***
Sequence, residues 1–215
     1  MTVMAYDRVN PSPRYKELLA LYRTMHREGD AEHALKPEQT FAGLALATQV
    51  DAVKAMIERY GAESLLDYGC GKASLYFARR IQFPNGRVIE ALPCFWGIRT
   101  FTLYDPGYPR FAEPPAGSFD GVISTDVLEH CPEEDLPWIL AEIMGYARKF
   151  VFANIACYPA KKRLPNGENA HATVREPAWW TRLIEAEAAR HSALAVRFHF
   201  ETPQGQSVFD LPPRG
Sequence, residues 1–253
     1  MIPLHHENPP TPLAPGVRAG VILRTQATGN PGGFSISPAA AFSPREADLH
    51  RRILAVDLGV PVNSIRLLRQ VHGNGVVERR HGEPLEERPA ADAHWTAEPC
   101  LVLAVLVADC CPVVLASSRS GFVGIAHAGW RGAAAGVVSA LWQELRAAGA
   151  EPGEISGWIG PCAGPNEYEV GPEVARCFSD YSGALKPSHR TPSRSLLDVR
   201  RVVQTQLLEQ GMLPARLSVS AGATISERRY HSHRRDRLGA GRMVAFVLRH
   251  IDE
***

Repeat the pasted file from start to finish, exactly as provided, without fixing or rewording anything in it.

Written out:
Sequence, residues 1–215
     1  MTVMAYDRVN PSPRYKELLA LYRTMHREGD AEHALKPEQT FAGLALATQV
    51  DAVKAMIERY GAESLLDYGC GKASLYFARR IQFPNGRVIE ALPCFWGIRT
   101  FTLYDPGYPR FAEPPAGSFD GVISTDVLEH CPEEDLPWIL AEIMGYARKF
   151  VFANIACYPA KKRLPNGENA HATVREPAWW TRLIEAEAAR HSALAVRFHF
   201  ETPQGQSVFD LPPRG
Sequence, residues 1–253
     1  MIPLHHENPP TPLAPGVRAG VILRTQATGN PGGFSISPAA AFSPREADLH
    51  RRILAVDLGV PVNSIRLLRQ VHGNGVVERR HGEPLEERPA ADAHWTAEPC
   101  LVLAVLVADC CPVVLASSRS GFVGIAHAGW RGAAAGVVSA LWQELRAAGA
   151  EPGEISGWIG PCAGPNEYEV GPEVARCFSD YSGALKPSHR TPSRSLLDVR
   201  RVVQTQLLEQ GMLPARLSVS AGATISERRY HSHRRDRLGA GRMVAFVLRH
   251  IDE